Editor's Note: I asked Stephen Alexander of Wilson International to explain how out-sourcing a boarding program works. ~Rob Kennedy
1. Tell us about Wilson International, its history and the services it provides for schools.
Wilson International aims to be on the forefront of global trends in private preparatory school education, providing a housing solution to schools who recognize the value of increased diversity and academic caliber of their prospective students. The company was founded just this year, specifically for our first program in Roanoke, Virginia. Beyond providing a much-needed housing solution to our affiliate schools, Wilson cherishes the opportunity to help nurture thoughtful and competent global citizens, within the framework of our affiliate schools' mission statements. Here in Roanoke, Wilson provides 16 rooms and a total of 48 beds to its affiliates in a recently restored historical building in the heart of downtown. The building is completely updated with a fully secured access control program, designated fiber optic internet service, laundry facilities, and a full-time chef. In addition to room and board, Wilson provides a residential life program for its students and is also creating a recruiting branch of the company to assist day schools that need a jump-start in their international admission goals.
Both schools had engaged in specific and strategic initiatives to increase the diversity and caliber of their prospective students in the last seven years. Because
Disclaimer: I am writing this article about IT infrastructure with small private schools in mind. I am basing my suggestions on my more than thirty years working as an IT professional in private schools and selling technology equipment and services to them. It is my hope that these talking points will save you some money and give you and your staff some peace of mind so that you can focus on the important job you have, namely, teaching your students. ~Rob Kennedy, MCT, CSE
Most medium to large-sized schools will have professional IT staff on their payroll. But, while small schools need professional IT advice just as much, if not more, than the larger schools do, finding the money to pay for the needed expertise is always a major challenge in a small school. Here then are some practical, low-cost solutions to keep your important data secure.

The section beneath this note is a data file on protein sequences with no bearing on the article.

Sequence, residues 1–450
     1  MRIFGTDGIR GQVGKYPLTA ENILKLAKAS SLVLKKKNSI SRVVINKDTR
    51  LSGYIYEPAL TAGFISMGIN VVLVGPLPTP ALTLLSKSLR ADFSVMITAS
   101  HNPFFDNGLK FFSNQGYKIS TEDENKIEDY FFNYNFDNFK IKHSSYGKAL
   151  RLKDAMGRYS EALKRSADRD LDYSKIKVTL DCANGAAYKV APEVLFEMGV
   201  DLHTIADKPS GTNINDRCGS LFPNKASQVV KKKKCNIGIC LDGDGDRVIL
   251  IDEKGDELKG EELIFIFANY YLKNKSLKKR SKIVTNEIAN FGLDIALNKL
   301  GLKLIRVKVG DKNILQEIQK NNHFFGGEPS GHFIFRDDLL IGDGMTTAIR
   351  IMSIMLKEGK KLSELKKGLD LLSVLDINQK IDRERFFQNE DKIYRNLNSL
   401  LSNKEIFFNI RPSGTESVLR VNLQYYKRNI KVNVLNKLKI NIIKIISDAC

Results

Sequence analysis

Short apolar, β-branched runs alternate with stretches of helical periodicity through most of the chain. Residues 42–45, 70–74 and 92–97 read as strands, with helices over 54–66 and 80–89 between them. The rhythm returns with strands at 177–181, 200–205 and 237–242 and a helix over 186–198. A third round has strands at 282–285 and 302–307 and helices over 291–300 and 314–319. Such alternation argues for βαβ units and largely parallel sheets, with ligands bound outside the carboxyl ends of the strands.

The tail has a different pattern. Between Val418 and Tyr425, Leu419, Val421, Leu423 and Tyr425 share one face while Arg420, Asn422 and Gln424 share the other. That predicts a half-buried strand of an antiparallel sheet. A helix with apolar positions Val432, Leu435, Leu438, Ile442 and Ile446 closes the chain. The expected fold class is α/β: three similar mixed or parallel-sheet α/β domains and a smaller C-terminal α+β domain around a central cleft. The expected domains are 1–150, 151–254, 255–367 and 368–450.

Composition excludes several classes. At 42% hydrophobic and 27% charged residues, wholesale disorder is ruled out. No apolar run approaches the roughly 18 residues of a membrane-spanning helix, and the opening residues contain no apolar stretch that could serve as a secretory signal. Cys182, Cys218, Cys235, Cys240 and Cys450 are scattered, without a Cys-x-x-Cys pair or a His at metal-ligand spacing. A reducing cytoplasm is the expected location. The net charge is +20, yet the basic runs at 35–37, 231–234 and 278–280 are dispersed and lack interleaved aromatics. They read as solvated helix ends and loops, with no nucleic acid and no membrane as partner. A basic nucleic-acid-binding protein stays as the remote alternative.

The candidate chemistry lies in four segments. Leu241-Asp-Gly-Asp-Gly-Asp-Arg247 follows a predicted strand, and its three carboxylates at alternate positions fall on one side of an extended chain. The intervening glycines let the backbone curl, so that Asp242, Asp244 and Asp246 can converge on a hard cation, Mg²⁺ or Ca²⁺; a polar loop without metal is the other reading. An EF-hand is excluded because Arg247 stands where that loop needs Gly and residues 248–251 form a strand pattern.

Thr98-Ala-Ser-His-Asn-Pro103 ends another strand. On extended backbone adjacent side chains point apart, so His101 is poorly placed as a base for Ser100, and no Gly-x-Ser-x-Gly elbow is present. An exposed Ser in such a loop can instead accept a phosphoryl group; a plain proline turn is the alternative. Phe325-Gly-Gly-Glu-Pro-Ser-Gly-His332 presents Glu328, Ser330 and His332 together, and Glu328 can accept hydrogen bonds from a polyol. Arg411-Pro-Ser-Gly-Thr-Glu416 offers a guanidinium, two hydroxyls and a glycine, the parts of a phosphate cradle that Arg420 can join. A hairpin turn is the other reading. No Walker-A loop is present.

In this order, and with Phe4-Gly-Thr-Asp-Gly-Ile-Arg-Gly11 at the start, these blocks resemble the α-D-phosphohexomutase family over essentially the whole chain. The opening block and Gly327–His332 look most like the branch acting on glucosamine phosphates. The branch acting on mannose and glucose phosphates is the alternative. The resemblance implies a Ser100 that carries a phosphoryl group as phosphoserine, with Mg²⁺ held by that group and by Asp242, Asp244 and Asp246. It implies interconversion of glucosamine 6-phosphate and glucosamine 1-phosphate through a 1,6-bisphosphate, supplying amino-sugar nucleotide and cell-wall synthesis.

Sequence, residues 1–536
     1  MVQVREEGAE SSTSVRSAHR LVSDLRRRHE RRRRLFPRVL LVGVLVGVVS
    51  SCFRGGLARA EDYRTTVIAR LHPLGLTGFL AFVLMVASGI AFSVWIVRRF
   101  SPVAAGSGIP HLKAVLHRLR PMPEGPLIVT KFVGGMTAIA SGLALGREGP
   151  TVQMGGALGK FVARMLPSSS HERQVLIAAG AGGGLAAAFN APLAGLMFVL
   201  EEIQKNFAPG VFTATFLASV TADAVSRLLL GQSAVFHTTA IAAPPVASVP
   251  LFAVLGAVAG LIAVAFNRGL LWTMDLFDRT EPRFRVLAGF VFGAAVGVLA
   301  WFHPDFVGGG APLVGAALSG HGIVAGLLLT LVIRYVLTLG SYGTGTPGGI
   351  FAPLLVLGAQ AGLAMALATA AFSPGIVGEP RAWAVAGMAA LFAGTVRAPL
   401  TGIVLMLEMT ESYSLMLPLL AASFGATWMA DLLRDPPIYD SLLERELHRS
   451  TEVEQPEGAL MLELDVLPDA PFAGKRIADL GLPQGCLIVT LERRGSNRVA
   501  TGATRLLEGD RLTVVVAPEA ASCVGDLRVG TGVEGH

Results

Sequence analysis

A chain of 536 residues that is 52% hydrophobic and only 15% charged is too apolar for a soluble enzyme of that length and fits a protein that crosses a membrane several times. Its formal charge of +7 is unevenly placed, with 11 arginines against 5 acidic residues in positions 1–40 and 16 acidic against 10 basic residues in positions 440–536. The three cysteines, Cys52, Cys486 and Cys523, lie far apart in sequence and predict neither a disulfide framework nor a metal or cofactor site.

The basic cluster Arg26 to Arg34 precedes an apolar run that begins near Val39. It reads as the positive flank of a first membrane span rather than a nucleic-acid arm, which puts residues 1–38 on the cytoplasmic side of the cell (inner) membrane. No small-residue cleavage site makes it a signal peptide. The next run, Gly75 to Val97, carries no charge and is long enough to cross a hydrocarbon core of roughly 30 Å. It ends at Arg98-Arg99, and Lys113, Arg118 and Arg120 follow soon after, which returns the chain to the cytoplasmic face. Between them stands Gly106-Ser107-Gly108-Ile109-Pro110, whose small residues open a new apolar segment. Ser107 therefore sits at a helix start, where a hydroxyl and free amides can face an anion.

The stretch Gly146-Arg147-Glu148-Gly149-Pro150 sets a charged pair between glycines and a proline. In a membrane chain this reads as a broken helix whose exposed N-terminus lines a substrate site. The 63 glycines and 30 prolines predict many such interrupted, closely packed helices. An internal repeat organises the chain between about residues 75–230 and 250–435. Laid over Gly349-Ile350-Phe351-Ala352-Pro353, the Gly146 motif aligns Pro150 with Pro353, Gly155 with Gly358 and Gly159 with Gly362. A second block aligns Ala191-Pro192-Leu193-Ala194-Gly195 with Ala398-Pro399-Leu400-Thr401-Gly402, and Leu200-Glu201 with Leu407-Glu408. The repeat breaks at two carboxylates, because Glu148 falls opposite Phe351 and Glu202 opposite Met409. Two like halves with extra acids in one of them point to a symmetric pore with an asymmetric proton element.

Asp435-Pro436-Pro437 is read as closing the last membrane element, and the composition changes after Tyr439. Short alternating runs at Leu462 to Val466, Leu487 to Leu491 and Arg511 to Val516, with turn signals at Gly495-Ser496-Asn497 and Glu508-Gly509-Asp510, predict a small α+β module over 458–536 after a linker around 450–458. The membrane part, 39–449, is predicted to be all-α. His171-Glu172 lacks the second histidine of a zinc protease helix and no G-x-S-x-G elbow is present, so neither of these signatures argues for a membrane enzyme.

1. Put all your applications and data in the cloud.
This is probably the least expensive way for a small school to deal with securing your important data. For purposes of this essay, I define important data as the confidential personal and academic information which your families and students have entrusted to you. Important data also includes the school's financials and business correspondence.
Ten or fifteen years ago you would have been told that you have to have a server and a complicated network infrastructure to keep everything secure. Nowadays you can keep everything secure in the cloud. Yes, literally there is an app for that.
As you begin thinking about private schools, you will add schools from various sources to your initial list of potential schools. That’s fine. Accept all suggestions and advice in the early stages of your search for the right school or schools. Friends will suggest schools which their children attend. Family will mention schools that your uncle or aunt attended. And so on. Finally, you will explore on your own. Private School Review is a great place to start because the site is devoted to private K-12 schools. The following screenshot gives you an idea of number of schools within a fifty mile radius of East Longmeadow, Massachusetts. (I selected that area because I am familiar with it as I have family there. Also itt is not a major urban area.)
After exploring schools and including all the other suggestions you will receive, you will most likely end up with a list of 5-10 schools. Now, this is where the private school search process becomes tricky. Why is that? Simply because you have to whittle that long list of potential schools down to a more manageable list of 2-3 schools. Selecting a school is not like buying a watch on Amazon. It’s a lot like buying a house. And just as with buying a house, you have to really like the house.
Here is a guide for teachers and administrators seeking employment in private schools. Think of it as a roadmap for the job search process. I wrote this for teachers, as well as admissions and business office professionals and those seeking positions as dean of students and head of school. I have drawn most of the advice from my own experience in the field. Some of it is plain, old-fashioned common sense. I have also included some tips and strategies for dealing with today's job markets. You will find plenty of practical advice about applying, networking, using job boards and much more. I know that your goal is to get that all important first interview. So, with that in mind, let's get started.
You must follow each individual school's specific application instructions to the letter. If you don't follow their instructions, the staff member charged with screening applications will probably not file your application in the "To Be Interviewed" folder. Your application will end up in a folder with all the other applications which don't appear to meet their requirements at first glance. Back in the days before email and Monster.com, I had to open the mail from teachers looking for employment with the Anglican Education Association in The Bahamas. I could tell at a glance whether we would interview the applicant. Cover letters hand-written on a page torn from an exercise book never made the cut.
This video offers tips for completing emplyment applications.